My memories take me back three summers ago to a time when I was just a mere thirteen-year old girl from San Diego, California. I remember holding my mother’s hand as my family made our way through the Los Angeles International Airport to reach the Cathay Pacific Airlines area. My heart continued thumping with fear and anxiety. I did not know which was scarier: being surrounded by thousands of strangers who all seemed ten foot tall or traveling across an entire ocean to meet numerous relatives I never even knew about.
Eighteen hours later, we arrived in Vietnam at the Ho Chi Minh City Airport. The moment I stepped off the plane, a huge heat wave hit me right in the face and drops of perspiration began to form on my face. I thought San Diego weather was hot, but Vietnam’s weather was ten times worse. We quickly located our luggage and exited the airport. We got into a taxi and drove out of the airport’s parking lot and into the streets of Vietnam.
On the drive to my grandparents’ house, I saw hundreds of Vietnamese people riding on bicycles and motorcycles coming from every direction. Although it differs from the American system greatly, I found it intriguing. When I got to my grandparents house, I noticed that all the houses were built closely to one another allowing scarce privacy. Most Vietnamese homes have thin walls and thing metal roofs, but I was fortunate. My grandpa, formerly high-ranked police officer, had enough money to create a decent home with indoor plumbing, upstairs, wooden floors, a stove, and a sturdy roof. The hours passed quickly, and soon the banquet to welcome my family started. About 30 relatives and friends crowded in my grandparents’ home to enjoy the festivities. I was fast asleep before it was even close to being over. My first day in Vietnam was officially over.
Despite my original impression of Vietnam, the next five weeks passed by unexpectedly quick. I was able to visit tourist locations, such as the Nha Trang Beach and the Dam Ri waterfalls in the town of Bao Loc. Even though visiting those sites were great opportunities, what really changed me was being able to experience everyday activities. On a daily basis, my cousins, older siblings, and I would walk around the neighborhood to buy savory treats from local venders. Each Sundays, around 4pm, the whole family would walk a block down to the local church for mass. For dinner, we would go to my uncle’s restaurant where he would cook us noodles, rice, and beef. Occasionally, my older cousins took my siblings and I on motorcycle rides around Ho Chi Minh City, formerly known as Saigon, to see the city’s night lights and feel the cool night breeze. These were the moments that made feel the warmth of happiness that I initially never thought was possible to find in Vietnam.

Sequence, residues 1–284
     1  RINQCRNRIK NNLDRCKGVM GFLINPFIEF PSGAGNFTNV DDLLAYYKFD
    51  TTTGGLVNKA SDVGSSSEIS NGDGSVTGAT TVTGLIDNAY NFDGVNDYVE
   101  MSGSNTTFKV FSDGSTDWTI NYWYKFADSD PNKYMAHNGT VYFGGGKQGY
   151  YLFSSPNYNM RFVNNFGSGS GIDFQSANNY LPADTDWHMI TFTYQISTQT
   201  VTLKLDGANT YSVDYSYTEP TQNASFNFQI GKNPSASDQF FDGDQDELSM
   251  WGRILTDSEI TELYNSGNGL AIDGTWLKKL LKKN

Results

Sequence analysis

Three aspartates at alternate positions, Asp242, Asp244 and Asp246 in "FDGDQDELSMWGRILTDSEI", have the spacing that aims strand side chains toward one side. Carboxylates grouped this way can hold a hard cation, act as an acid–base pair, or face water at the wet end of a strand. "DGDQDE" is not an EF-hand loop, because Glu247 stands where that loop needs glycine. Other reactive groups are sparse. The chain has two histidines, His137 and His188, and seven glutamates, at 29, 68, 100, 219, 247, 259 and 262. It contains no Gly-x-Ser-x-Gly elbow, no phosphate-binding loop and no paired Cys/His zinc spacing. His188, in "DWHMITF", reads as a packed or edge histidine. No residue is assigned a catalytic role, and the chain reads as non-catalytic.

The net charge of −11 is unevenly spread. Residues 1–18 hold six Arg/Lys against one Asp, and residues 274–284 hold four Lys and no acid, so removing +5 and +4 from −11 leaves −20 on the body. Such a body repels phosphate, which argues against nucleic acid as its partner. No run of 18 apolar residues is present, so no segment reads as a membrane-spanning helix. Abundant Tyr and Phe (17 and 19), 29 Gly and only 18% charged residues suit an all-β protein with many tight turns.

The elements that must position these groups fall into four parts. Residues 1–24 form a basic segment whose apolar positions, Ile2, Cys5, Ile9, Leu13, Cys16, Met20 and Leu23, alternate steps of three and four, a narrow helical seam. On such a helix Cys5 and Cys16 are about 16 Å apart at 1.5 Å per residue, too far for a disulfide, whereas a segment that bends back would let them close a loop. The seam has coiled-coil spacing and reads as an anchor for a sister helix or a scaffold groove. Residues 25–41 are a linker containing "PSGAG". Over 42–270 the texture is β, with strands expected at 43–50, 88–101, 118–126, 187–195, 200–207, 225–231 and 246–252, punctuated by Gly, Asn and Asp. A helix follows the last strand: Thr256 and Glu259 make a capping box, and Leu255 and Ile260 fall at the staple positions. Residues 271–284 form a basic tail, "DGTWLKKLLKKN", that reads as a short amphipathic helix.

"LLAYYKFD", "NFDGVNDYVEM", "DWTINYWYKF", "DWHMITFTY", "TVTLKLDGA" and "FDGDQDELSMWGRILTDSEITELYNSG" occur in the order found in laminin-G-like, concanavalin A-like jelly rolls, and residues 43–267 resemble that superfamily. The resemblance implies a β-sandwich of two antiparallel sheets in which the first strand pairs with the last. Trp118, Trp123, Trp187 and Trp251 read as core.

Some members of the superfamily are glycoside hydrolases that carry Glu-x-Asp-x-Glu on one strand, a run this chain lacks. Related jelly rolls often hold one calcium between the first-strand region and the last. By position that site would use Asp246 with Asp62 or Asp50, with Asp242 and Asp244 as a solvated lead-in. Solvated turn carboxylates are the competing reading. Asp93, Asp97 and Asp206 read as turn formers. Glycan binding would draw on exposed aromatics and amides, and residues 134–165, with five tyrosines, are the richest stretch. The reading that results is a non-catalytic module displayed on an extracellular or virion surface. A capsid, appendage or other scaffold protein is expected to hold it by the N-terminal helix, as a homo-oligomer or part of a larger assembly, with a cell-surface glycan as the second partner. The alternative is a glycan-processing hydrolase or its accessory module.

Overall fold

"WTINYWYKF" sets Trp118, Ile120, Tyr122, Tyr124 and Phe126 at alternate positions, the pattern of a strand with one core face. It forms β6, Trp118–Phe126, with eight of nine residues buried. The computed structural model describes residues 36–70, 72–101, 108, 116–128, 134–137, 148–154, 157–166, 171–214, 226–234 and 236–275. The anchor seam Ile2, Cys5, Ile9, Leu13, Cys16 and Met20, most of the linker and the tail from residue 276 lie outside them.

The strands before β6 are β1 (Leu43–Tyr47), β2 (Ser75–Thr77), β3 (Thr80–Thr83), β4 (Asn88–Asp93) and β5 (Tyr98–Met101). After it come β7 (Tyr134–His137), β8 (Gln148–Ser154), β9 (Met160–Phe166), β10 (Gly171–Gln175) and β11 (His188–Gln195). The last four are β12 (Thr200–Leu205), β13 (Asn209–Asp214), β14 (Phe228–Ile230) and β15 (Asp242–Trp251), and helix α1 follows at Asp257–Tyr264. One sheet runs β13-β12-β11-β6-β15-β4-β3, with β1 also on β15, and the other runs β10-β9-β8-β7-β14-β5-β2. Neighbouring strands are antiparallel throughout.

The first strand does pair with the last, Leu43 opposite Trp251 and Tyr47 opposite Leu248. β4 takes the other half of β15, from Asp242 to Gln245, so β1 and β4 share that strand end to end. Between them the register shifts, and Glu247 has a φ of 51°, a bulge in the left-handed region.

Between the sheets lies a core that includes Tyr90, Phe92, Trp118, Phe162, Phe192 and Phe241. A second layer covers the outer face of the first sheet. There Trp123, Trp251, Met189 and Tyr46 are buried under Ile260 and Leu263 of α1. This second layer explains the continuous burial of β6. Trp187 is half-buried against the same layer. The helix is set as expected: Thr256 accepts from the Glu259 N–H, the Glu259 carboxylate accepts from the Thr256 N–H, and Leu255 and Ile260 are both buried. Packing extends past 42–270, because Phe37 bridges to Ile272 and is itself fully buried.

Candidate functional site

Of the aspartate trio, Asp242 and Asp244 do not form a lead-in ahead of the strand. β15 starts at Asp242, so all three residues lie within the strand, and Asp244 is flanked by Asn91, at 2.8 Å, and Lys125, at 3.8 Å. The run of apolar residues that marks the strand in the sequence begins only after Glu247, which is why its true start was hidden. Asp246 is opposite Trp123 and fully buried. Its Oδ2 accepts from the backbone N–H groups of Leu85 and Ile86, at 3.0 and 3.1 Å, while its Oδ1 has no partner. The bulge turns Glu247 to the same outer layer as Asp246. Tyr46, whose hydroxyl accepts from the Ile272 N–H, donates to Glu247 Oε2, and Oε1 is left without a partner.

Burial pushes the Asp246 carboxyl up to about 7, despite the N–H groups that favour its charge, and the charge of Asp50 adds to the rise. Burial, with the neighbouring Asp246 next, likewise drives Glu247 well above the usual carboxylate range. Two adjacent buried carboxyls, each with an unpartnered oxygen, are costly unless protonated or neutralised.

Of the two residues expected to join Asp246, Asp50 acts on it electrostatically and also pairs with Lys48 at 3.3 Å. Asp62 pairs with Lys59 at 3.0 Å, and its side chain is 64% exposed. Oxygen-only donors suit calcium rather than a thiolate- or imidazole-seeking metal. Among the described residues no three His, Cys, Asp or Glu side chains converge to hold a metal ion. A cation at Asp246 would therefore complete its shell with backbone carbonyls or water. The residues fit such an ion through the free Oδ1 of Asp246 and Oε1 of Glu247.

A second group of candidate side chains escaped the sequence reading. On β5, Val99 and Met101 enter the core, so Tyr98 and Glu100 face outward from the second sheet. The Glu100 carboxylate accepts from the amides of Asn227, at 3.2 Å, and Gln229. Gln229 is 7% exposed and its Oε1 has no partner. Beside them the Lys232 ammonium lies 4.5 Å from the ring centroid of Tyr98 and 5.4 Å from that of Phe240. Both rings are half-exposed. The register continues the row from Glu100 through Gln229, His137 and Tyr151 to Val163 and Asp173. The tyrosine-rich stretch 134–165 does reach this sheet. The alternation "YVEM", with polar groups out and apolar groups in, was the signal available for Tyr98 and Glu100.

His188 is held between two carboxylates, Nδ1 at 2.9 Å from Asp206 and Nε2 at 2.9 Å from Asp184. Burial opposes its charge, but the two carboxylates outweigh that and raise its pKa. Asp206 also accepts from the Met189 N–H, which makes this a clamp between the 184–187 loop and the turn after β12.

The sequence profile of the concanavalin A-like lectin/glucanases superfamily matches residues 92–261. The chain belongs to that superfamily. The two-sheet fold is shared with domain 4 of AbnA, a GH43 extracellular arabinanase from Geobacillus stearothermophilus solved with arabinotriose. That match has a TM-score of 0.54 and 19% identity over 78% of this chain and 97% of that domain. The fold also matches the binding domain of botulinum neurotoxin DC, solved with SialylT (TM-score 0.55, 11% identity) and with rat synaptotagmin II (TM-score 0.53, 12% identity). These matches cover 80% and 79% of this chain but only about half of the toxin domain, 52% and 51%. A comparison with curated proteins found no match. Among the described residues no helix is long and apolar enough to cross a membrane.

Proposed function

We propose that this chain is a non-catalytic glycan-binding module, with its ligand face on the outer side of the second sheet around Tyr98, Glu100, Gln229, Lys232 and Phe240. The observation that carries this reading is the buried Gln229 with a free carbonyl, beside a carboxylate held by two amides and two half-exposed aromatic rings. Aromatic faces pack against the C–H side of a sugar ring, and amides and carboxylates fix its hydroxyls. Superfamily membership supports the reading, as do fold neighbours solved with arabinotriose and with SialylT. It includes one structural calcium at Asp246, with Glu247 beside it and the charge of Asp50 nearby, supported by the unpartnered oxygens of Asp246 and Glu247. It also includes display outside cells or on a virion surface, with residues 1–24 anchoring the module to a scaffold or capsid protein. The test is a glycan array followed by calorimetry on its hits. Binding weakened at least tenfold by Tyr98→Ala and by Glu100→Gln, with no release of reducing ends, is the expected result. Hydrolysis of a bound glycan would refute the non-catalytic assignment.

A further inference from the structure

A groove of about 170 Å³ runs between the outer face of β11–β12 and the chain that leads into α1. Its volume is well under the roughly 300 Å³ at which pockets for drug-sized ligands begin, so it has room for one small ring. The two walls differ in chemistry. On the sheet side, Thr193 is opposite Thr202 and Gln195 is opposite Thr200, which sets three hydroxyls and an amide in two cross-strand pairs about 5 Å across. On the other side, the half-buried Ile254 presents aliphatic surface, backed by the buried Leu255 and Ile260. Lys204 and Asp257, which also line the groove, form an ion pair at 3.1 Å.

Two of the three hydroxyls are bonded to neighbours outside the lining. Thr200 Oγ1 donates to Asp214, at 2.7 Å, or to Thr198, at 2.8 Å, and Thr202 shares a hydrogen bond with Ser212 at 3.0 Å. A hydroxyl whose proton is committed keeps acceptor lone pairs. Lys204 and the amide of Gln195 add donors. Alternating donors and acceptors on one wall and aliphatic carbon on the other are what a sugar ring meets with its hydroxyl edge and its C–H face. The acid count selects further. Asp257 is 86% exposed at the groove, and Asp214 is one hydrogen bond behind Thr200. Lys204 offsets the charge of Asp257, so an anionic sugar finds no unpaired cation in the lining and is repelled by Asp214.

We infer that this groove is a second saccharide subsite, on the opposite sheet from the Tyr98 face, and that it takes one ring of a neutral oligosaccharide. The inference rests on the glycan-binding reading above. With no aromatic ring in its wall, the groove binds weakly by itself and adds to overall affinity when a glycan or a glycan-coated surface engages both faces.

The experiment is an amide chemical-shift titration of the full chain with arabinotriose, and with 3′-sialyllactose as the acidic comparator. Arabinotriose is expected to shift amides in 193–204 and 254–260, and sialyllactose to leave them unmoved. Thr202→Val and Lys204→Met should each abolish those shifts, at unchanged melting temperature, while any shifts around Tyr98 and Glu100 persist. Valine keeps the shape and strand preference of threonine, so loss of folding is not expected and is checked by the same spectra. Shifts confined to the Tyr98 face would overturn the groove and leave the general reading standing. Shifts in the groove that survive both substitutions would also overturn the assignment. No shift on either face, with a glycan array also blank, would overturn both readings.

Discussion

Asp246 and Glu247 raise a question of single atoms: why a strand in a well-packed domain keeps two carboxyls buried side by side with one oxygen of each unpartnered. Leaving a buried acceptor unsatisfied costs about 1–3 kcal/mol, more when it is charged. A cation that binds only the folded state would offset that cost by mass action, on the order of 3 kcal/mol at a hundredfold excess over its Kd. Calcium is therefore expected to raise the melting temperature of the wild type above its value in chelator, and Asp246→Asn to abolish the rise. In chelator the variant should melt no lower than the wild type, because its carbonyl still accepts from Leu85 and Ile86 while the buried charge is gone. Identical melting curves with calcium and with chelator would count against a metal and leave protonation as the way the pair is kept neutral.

In Vietnam, I had little access to computers and other electronics. I realized that electronics were unnecessary to keep me happy and entertained. Spending quality time with my family and exploring a completely new surrounding was what I really needed. Vietnam is a genuinely, beautiful place even though it may not have as much sparkle and pizzazz as other countries. What I learned from this trip is that the little things in life add up to a bigger picture and that is what’s most rewarding.
It is now the year two thousand nine. I am the same girl, but with a new outlook on the world.
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